Detecting Insects is Getting High-Tech on UBC Campus

Detecting Insects is Getting High-Tech on UBC Campus

sticky pi insect monitoring device

Juli Carrillo and Quentin Geissmann with “Sticky Pi”

A new Campus as a Living Laboratory project will enable UBC researchers to monitor insects in real-time, on a scale never done before.

“This project promises to help us understand insect biodiversity, which we know is both crucial to ecosystems, and affected by human activities,” says Juli Carrillo, Assistant Professor in the Faculty of Land and Food Systems, and lead researcher of the Digital Detection Web for On-Campus Insects project.

Understanding insects in real-time

Monitoring insects has been a time-consuming and inaccurate process. Farmers and scientists capture a small fraction using sticky cards – simple sheets of paper with glue that are placed out in the field. Traditionally, these are retrieved weekly and the trapped insects are manually identified. In order to dramatically improve the process, Postdoctoral Fellow Quentin Geissmann has developed a technology called “Sticky Pi” that automates this monitoring and scales it up significantly.

Sticky Pi is a “smart” trap with a camera that takes pictures every 20 minutes. It uses deep learning – a subfield of machine learning using algorithms – to automatically identify insects, in real-time.

“There are two main impacts of scaling up insect biodiversity monitoring.” says Geissmann. “First, we save many precious hours of work through automation. Second, and more importantly, because we acquire data in real-time, we can see new patterns. For instance, we are very interested in the time of the day insects are active and how they respond to weather variations.”

More than 50 Sticky Pi traps will be deployed across UBC campus, from residential areas to the fields and forest of the UBC Farm, allowing for a new understanding of insect biodiversity in these different ecosystems.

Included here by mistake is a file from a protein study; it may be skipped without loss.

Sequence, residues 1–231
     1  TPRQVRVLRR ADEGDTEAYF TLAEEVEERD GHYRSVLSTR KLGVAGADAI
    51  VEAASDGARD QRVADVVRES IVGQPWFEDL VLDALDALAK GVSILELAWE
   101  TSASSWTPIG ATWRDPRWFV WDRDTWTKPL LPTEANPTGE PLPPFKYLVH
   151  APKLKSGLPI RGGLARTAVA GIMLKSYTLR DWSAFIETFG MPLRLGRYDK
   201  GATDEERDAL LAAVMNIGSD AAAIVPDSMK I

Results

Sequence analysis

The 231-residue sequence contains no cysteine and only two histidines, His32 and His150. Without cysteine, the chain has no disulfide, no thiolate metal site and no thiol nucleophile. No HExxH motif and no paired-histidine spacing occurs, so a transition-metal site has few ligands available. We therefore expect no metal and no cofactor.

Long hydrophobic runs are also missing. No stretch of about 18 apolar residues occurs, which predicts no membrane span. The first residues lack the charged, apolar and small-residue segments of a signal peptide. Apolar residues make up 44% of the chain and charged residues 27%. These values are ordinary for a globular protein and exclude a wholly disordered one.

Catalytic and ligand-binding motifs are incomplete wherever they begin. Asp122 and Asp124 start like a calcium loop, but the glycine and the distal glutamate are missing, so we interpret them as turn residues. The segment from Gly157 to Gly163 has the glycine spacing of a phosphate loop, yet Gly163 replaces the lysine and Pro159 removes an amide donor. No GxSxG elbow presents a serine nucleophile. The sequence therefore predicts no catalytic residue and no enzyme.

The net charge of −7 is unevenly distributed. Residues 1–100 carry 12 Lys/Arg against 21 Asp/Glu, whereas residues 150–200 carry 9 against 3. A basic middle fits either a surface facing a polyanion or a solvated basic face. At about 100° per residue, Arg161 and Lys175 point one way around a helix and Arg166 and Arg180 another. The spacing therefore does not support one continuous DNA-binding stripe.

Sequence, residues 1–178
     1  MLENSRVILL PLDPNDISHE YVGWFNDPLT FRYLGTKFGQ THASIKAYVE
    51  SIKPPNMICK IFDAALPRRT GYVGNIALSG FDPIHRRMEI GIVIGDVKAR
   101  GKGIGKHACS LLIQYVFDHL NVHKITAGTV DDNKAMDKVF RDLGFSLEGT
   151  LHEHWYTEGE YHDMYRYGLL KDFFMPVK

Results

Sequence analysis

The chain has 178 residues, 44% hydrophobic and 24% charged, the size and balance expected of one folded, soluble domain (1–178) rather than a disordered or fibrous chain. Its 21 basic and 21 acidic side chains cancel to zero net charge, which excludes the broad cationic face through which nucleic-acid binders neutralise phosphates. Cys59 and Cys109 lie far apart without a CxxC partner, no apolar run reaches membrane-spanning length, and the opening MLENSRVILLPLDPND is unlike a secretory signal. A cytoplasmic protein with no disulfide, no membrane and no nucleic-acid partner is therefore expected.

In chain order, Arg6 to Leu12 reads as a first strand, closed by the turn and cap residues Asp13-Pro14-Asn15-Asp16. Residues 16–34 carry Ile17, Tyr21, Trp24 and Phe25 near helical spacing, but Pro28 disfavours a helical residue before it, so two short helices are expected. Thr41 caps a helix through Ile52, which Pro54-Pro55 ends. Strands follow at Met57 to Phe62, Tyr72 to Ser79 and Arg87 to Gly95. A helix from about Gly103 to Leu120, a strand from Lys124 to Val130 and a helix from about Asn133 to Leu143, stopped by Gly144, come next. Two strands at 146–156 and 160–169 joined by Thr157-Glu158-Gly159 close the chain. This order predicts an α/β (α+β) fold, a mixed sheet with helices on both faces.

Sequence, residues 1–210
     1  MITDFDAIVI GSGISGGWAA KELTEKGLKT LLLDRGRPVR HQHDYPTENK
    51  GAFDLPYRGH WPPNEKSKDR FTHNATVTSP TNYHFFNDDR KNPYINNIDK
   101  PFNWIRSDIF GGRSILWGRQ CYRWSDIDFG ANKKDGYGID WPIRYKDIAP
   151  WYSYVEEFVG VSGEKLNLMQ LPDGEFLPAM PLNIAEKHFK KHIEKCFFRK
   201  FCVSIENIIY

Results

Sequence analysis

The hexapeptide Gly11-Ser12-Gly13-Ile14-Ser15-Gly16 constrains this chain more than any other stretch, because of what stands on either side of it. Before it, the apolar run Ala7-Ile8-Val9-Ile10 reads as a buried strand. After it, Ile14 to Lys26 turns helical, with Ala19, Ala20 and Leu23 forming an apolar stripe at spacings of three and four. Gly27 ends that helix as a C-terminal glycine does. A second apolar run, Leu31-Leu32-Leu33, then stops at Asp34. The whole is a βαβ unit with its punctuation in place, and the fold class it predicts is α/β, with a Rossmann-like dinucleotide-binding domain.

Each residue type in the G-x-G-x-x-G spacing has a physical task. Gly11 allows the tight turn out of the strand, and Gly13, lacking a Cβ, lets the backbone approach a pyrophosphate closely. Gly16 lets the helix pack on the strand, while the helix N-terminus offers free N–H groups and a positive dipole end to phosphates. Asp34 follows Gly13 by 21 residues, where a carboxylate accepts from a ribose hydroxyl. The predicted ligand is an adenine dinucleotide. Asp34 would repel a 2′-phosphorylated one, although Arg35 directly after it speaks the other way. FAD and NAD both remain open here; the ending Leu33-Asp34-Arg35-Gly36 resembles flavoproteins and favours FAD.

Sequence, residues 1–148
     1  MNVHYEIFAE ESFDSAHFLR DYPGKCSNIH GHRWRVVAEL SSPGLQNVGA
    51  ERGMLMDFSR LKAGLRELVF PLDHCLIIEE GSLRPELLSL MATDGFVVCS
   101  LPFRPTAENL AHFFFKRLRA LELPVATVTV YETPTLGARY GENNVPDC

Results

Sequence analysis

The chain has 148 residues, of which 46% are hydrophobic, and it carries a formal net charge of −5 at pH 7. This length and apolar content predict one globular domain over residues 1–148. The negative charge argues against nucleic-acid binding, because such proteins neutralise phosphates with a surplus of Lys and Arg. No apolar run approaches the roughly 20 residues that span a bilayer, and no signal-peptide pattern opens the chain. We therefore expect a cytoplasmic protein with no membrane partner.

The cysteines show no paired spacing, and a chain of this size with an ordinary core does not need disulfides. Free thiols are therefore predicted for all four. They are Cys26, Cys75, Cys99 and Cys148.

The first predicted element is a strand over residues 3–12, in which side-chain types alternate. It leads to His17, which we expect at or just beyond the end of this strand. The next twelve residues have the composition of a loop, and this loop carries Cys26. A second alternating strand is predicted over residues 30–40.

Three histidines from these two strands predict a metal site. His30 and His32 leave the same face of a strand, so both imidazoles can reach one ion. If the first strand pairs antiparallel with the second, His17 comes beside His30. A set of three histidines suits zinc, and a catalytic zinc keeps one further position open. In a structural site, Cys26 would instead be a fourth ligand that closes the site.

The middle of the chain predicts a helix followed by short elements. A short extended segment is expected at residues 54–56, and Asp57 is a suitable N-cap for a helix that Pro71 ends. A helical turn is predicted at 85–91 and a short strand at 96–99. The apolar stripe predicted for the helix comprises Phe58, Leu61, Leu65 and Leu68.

Global impact

A pilot program using Sticky Pi has already had an impact beyond UBC, showing its potential to serve as an early alert system for new pests. The team confirmed the arrival of an invasive insect that is native to Europe, the strawberry blossom weevil, which damages berry crops by feeding on the flower buds of host plants. The weevil is listed as an urgent concern for Canada and can affect trade policy with the U.S.

Researchers across the globe are invited to use the technology and deep learning tools, which are open-source and open-hardware: “We built the hardware on top of the fantastic Raspberry Pi microcomputer and used 3D-printing, which keeps our work accessible,” says Geissmann. “People all over the world can freely build, use and adapt the different parts.”

Involving the UBC campus community

A close up of Sticky Pi’s data collection

Now the researchers are inviting the UBC campus community to join the project.

Community members are encouraged to “adopt a Sticky Pi” by using a team-built mobile app to ‘harvest’ the data themselves. The team will host entomology workshops where community members will learn and help annotate images of insects, which trains the algorithm. The team will also connect diverse groups from farming and computer sciences through “hackathons” to prototype original solutions to problems in biodiversity and agriculture.

This project will not only create baseline data for UBC Campus and the UBC Farm on insect biodiversity but will monitor change and improve future management decisions.

There are implications for many different communities.

“This project addresses the pest monitoring needs of growers and improves existing technology for researchers,” says Carrillo. “But it also benefits the greater community by increasing our understanding of the land and space in which we live.”

Find out more about the project at